Ford CEO Jim Hackett Tuesday joined the growing ranks of vehicle and tech execs willing to say publicly that self-driving cars won’t arrive as soon as some had hoped.
The industry “overestimated the arrival of autonomous vehicles,” Hackett told the Detroit Economic Club. Though Ford is not wavering from its self-imposed due date of 2021 for its first purpose-built driverless car, Hackett acknowledged that the vehicle’s “applications will be narrow, what we call geo-fenced, because the problem is so complex.” Bloomberg earlier reported the comments.
Hackett is the latest high-ranking industry insider to engage in public real talk about the prospects for self-driving cars, which back in 2016 seemed just around the corner. Less than three years ago, Uber showed off a limited self-driving service in Pittsburgh, Google spun out its driverless vehicle program into a company called Waymo, and Nissan was sticking to its 2013 promise (by a very confident Carlos Ghosn) that it would debut a self-driving car by 2020. Also in 2016, General Motors acquired the self-driving tech company Cruise Automation for a reported $580 million. And then-Ford CEO Mark Fields said the company would have thousands of fully autonomous vehicles available to urban car-share and ride-hail fleets by 2021.
Now, Hackett and others are acknowledging that the industry’s marketing—and the media’s headlines—may have gotten ahead of the technology. These days, execs are making fewer and fewer promises about when self-driving will arrive.
In November, Waymo CEO John Krafcik said “autonomy always will have some constraints,” and suggested that a self-driving car that could truly go anywhere might never materialize. Though Waymo’s limited self-driving service in suburban Phoenix is slowly expanding locally, the company still puts operators behind the wheel, for safety. “Driverless” is a stretch. The chief technology head at Nissan’s Silicon Valley development center now publicly pooh-poohs the concept of completely driverless vehicles, insisting last month that “an autonomous system without a human in the loop” is “a useless system.” (Former CEO Ghosn has been arrested again by Japanese authorities.)
After a crash during testing that killed an Arizona woman last year, Uber is back to limited testing in Pittsburgh, with two operators on board. In a Reuters interview this week, Raquel Urtasun, the chief scientist in charge of Uber’s self-driving efforts, called the question of when driverless vehicles will arrive “the billion-dollar question.” “And the first thing I learned is no timelines, right?” she said.
Urtasun echoed a sentiment increasingly popular among self-driving developers: It’s not when self-driving cars will arrive, but where. Right now, the technology is designed to operate in specific contexts—the wide, sunny roads of Arizona, or the chaos of Boston, or the sunlit streets of Miami, or the sprawling suburbs of San Jose. As if she anticipated Hackett’s comments, Urtasun said, “self-driving is going to start in small areas and then we’re going to grow from small areas to everywhere. The challenge is to make that transition as smooth as possible.” The upshot: Unless you’re in one of those small areas, don’t hold your breath for a self-driving car.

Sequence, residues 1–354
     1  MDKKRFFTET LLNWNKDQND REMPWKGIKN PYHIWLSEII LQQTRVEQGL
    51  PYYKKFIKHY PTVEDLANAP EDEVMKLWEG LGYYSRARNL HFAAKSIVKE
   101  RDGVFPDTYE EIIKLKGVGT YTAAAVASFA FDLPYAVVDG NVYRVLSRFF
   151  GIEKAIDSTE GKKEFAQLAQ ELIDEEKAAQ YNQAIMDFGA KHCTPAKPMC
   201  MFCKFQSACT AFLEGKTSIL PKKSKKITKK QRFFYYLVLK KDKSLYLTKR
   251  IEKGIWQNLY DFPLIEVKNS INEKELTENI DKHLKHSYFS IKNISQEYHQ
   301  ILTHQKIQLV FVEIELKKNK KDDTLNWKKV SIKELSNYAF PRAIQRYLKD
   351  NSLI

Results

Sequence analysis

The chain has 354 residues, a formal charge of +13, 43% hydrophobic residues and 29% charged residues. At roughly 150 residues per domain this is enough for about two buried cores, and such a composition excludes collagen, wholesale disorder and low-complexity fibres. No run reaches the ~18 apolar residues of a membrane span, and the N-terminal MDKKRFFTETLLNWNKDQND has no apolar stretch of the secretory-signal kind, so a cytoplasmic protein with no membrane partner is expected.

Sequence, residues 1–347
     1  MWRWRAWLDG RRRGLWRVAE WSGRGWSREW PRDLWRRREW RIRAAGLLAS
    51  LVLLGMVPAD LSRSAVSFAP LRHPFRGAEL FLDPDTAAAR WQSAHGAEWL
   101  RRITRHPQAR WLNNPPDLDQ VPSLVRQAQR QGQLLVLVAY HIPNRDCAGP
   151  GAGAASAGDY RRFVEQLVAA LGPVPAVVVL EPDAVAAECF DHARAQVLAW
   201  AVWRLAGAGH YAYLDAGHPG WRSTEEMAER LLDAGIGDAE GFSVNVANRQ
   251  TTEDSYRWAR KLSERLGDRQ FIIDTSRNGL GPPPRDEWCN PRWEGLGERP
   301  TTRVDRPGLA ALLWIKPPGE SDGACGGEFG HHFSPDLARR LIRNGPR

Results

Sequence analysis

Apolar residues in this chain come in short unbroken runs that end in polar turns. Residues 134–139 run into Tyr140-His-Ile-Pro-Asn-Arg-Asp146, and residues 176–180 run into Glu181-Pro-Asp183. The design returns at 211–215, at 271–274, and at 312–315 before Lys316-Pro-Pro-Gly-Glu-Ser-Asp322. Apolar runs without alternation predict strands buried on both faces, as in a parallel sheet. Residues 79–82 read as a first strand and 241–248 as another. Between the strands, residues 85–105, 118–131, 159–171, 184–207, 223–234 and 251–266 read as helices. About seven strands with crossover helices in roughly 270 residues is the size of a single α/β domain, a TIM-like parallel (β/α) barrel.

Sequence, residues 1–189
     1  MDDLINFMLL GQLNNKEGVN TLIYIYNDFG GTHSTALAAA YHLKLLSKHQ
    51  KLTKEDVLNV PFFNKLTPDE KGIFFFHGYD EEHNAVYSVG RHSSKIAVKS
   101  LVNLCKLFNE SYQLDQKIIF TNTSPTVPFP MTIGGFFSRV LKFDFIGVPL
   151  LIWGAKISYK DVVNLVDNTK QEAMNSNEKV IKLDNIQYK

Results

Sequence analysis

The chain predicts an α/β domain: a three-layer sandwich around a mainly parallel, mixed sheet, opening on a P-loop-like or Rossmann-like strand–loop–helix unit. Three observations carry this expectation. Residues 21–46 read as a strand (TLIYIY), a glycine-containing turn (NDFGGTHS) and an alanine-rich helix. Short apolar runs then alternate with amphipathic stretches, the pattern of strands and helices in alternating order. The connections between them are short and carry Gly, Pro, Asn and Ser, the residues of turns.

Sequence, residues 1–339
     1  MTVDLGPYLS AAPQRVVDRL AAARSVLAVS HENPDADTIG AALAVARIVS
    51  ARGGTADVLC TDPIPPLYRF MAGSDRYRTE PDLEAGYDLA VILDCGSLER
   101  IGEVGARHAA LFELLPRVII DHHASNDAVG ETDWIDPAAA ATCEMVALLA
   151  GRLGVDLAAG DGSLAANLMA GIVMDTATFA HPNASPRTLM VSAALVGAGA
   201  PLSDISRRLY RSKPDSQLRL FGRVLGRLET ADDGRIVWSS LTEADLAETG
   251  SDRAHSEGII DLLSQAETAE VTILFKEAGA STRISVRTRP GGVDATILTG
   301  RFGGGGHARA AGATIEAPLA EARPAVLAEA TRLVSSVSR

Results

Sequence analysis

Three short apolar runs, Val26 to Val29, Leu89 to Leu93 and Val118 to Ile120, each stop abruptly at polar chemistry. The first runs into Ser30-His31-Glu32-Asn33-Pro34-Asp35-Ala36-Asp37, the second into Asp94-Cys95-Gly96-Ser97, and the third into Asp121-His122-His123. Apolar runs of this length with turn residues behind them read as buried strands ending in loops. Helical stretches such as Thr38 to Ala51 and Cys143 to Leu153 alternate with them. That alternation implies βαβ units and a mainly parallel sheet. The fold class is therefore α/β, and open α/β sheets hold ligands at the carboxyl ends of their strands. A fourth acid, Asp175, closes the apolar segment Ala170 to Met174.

By contrast, that other Detroit carmaker, General Motors, maintained as recently as November that it’s “on track” to roll out an autonomous vehicle this year, though it has not said where its first, limited, service, will be. The company declined to comment on Hackett’s statement.
What’s so complicated about full self-driving? For one, there are no federal regulations for the tech, and states have struggled to fill the void with their own testing rules. Second, industry insiders say sensors need to get better—to “see” farther more cheaply—before the tech can be deployed widely. And developers are still hacking away at better algorithms, ones that can handle the uncertainty of new road situations without hurting their cargo.
Ford, meanwhile, says it still plans to deploy an autonomous vehicle is some commercial service by 2021, in more than one US city. Along with Argo AI, in which it has a majority stake, the Detroit carmaker is testing in Michigan, Miami, and Pittsburgh. Hackett has also outlined his plan to create a wider “mobility platform”—that is, an operating system that would help cities manage self-driving cars when they do arrive.
There’s one self-driving outlier that has not let up on the hype, and that’s the ur-disruptor of Silicon Valley: Tesla. Less than two months ago, the company again began selling its “full self-driving feature,” a $5,000 add-on that it had removed from its website in October. CEO Elon Musk said the feature would be “complete” by the end of the year, and fully available to customers by the end of 2020, in theory allowing Tesla owners to switch on Autopilot and watch their vehicles drive themselves through complex city environments—or, depending on their fancy, to fall asleep at the wheel. The CEO has a record of missing his own deadlines, but Tesla also usually moves against the herd.